V. Special arrangements for fighting dogs/dangerous dogs/guide dogs
A. Control of fighting dogs
It is an offence (punishable by a fine of $50,000 or six months imprisonment) to import an unlicensed fighting dog into Hong Kong. The following breeds of dog are classed as fighting dogs:Pit Bull Terrier, Japanese Tosa, Dogo Argentino, Fila Braziliero or any cross breed of these types (schedule 1 of the Dangerous Dogs Regulation). Where a dog has been classified by the AFCD as a fighting dog, the keeper has 14 days to apply to the Dogs and Cats Classification Board for a re-classification in accordance with section 17(1) of the Dangerous Dogs Regulation.
B. Control of dangerous dogs
A person may complain to a magistrate that a dog is dangerous and not being kept under proper control. Under section 5(1) of the Dogs and Cats Ordinance, a magistrate may order that the dog be destroyed or kept under effective control. If the person to whom the order is made does not comply with the order he may be fined $500 for every day on which he fails to comply with the order, according to section 5(3) of the Dogs and Cats Ordinance.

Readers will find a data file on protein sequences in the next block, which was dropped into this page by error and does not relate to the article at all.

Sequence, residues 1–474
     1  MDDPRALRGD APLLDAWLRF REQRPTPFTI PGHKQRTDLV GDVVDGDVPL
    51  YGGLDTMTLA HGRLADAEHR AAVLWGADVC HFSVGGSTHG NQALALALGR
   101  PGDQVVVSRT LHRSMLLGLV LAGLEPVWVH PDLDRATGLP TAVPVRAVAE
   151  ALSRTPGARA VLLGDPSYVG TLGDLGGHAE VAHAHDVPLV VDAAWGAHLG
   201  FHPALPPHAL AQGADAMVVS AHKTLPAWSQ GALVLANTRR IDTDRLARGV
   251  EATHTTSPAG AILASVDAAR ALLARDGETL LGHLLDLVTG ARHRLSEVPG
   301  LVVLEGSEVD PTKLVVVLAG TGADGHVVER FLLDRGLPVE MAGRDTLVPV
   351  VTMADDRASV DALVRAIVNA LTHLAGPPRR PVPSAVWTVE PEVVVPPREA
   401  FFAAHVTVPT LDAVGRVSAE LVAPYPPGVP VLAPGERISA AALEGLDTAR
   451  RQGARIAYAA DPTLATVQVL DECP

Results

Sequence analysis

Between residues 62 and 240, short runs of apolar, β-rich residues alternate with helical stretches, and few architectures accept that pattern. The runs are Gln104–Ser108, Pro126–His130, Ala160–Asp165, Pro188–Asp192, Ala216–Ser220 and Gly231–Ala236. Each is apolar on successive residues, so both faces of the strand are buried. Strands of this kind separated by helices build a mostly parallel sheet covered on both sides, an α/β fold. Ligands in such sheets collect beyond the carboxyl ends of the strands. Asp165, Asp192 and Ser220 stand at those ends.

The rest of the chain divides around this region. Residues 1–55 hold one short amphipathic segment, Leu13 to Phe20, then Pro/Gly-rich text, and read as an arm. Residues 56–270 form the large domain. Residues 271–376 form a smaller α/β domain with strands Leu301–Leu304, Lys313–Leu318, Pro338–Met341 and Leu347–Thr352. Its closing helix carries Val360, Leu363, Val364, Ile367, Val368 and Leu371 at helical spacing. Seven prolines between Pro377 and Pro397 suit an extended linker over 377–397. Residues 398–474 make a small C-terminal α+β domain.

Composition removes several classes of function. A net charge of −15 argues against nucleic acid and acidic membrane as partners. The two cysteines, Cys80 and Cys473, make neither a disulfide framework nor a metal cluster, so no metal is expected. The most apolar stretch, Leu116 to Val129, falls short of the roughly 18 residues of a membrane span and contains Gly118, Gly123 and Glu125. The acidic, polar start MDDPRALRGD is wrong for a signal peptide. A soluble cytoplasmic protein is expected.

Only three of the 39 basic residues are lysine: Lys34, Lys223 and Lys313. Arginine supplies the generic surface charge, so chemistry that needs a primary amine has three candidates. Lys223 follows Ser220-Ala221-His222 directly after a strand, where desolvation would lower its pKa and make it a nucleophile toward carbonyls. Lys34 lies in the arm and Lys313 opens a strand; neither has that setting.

Under section 10 of the Dangerous Dogs Regulation, a magistrate may also order that a dog be classified as a “known dangerous dog” where a person has died or suffered serious bodily injury (requiring inpatient treatment in a hospital) from an attack by the dog. An order that the dog be classified as dangerous can also be made where the dog has bitten another domestic animal, resulting in that animal being killed or suffering serious bodily injury (requiring veterinary surgery under a general anaesthetic). If the dog was in any way provoked to attack then such an order will not be made.
An order for classification as a dangerous dog can also be made if the dog has a history of repeatedly attacking people without any provocation.
A dog which has been classified as dangerous must be neutered within 90 days and kept muzzled and leashed when in a public place. It must also wear a special collar to identify it. Failing to comply with these conditions for keeping a known dangerous dog may result in a fine of $25,000 or three months imprisonment.
C. Special arrangements for guide dogs
While taking dogs into licensed food premises and onto public transport is generally prohibited, such restrictions do not apply to guide dogs for the blind.